I've posted before (here and here) about how Google and other companies are literally using boardgames as part of their applicant screening process, and how I'm not a big fan of this technique.
The September, 2007 issue of Business 2.0 has an article titled "Job Interview Brainteasers" that highlights another type of game employers play--this time, it's asking "creative" questions during the interview.
Let's take a look at some interview questions from the article and who's asked them:
How much does a 747 weigh? (Microsoft)
Why are manhole covers round and not, say, square? (Microsoft)
How many gas stations are there in the United States? (Amazon.com)
How much would you charge for washing all the windows in Seattle? (Amazon.com)
You have 5 pirates, ranked from 5 to 1 in descending order. The top pirate has the right to propose how 100 gold coins should be divided among them. But the others get to vote on his plan, and if fewer than half agree with him, he gets killed. How should he allocate the gold in order to maximize his share but live to enjoy it? (eBay, and, similarly, Pirate Master)
You are shrunk to the height of a nickel and your mass is proportionally reduced so as to maintain your original density. You are then thrown into an empty glass blender. The blades will start moving in 60 seconds. What do you do? (Google)
These questions have been around for quite a while and are used to measure things like creativity and estimation ability. The question is: Are they any better than board games? Probably. But they're still a bad idea.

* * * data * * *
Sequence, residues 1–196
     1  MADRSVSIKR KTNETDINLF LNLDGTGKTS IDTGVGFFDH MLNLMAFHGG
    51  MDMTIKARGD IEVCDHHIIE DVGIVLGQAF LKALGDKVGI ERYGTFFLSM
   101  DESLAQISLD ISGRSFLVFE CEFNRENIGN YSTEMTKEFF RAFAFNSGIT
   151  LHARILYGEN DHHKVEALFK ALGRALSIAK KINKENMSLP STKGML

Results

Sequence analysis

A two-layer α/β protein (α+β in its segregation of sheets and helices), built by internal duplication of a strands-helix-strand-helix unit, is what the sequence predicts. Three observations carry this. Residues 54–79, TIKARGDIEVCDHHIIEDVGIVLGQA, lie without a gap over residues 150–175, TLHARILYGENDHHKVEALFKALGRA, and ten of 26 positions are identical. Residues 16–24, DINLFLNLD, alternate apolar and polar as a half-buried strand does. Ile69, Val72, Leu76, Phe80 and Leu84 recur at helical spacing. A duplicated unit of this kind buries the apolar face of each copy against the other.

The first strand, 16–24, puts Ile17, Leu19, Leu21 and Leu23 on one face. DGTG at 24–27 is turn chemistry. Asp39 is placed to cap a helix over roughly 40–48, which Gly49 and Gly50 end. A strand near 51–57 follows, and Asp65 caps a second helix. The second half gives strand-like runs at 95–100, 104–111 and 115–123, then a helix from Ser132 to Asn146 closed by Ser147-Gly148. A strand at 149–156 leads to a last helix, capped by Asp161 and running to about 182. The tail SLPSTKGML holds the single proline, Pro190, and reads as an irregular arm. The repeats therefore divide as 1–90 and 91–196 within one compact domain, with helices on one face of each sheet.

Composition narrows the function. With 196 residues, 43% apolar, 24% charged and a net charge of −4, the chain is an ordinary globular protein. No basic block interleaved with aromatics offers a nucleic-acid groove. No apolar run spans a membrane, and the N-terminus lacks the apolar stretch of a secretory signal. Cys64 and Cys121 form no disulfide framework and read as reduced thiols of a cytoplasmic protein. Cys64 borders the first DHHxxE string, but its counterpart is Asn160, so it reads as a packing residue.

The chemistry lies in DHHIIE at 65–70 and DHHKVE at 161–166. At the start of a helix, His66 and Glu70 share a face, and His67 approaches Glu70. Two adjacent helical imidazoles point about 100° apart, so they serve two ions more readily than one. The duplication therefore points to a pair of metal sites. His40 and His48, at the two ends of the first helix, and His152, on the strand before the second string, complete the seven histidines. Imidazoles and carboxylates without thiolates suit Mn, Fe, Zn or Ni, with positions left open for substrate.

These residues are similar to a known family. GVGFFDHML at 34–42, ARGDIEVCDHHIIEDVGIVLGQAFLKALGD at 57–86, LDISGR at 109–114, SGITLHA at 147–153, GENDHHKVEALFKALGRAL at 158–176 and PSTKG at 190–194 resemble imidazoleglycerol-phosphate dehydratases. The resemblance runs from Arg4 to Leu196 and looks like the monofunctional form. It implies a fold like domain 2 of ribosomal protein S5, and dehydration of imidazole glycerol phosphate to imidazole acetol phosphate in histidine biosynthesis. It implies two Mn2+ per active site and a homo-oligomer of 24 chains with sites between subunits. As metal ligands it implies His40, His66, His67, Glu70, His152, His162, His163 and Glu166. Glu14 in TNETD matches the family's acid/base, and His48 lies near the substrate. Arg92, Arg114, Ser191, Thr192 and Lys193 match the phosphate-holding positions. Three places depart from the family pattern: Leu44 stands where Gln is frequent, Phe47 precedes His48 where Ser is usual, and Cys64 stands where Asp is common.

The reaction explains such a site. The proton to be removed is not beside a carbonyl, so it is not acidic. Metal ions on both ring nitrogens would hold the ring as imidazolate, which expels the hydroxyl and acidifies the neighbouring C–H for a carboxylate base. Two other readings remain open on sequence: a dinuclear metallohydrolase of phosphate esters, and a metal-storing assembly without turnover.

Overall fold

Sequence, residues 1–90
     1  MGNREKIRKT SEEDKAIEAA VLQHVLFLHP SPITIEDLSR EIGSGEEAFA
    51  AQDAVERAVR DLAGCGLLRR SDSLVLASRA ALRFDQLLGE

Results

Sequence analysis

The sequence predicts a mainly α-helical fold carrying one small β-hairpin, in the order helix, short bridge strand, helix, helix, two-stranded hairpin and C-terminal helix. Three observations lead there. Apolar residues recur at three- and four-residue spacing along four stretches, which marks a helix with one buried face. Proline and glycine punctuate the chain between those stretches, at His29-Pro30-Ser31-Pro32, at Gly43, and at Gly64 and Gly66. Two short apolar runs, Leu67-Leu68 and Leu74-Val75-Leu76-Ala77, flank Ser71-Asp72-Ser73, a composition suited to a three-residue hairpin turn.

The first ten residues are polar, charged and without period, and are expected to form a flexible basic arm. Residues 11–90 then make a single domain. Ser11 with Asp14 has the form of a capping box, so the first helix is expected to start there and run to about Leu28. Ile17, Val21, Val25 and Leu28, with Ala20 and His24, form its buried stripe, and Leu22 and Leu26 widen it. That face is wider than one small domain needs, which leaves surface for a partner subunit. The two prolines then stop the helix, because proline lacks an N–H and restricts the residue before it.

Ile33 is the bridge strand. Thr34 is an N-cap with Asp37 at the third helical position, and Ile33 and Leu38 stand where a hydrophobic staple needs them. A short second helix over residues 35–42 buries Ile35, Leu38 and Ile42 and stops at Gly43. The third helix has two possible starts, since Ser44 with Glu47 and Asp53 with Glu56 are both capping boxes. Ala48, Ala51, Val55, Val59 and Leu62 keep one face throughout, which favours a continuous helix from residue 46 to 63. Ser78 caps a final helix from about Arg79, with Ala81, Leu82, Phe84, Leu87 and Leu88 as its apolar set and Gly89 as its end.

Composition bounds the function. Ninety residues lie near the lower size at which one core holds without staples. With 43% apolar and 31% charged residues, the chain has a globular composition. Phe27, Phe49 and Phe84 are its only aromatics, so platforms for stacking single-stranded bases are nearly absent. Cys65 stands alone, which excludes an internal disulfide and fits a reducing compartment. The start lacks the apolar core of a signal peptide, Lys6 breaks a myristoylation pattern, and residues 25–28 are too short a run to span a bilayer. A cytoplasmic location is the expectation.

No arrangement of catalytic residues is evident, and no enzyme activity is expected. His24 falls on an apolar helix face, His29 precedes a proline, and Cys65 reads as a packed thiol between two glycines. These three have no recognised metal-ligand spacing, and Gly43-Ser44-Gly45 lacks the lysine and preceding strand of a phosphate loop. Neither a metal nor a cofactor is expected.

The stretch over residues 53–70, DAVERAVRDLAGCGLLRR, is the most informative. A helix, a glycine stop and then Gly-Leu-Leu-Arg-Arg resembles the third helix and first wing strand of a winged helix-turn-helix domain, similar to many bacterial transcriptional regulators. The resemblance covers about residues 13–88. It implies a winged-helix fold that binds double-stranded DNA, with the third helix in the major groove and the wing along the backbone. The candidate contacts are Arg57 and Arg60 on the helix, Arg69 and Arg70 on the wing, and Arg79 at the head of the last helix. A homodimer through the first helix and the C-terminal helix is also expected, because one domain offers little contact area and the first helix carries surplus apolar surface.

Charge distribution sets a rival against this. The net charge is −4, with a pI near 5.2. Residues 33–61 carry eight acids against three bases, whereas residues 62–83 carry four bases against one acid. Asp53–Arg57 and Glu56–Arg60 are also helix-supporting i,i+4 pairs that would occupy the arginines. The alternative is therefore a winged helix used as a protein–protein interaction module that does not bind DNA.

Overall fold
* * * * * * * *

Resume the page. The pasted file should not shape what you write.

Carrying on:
Why do I say that? Well, first of all, a lot of people find these questions plain silly. And this says something about your organization. Sure, some people think they're fun or different. But many more will scratch their head and wonder what you're thinking. And then they'll wonder if they really want to work with you. Particularly folks with a lot of experience who aren't into playing games--they want to have a serious conversation.
Second, there are simply better ways of assessing people. If you want to know how creative someone is, ask them a question that actually mirrors the job they're applying for.
Want to know how they would tackle a programming question? Ask them. In fact, you can combine assessment with recruitment, as Spock recently did.
Want them to estimate something? Think about what they'll actually be estimating on the job and ask them that question. And so on...
Another advantage of these types of questions? The answers give you information you can actually use. (Hey, you've got them in front of you, why not use their brains)
If you don't really care about the assessment side of things, and in reality are just using these questions as a way to communicate "we're cool and different" (as I suspect many of these companies are doing) there are better ways of doing this. Like communicating in interesting and personal ways (e.g., having the CEO/Director call the person). Like talking about exciting projects on the horizon. Like asking candidates what THEY think of the recruitment and assessment process (gasp!).
My advice? Treat candidates with respect and try your darnedest to make the entire recruitment and assessment process easy, informative, and as painless as possible. Now THAT'S cool and different.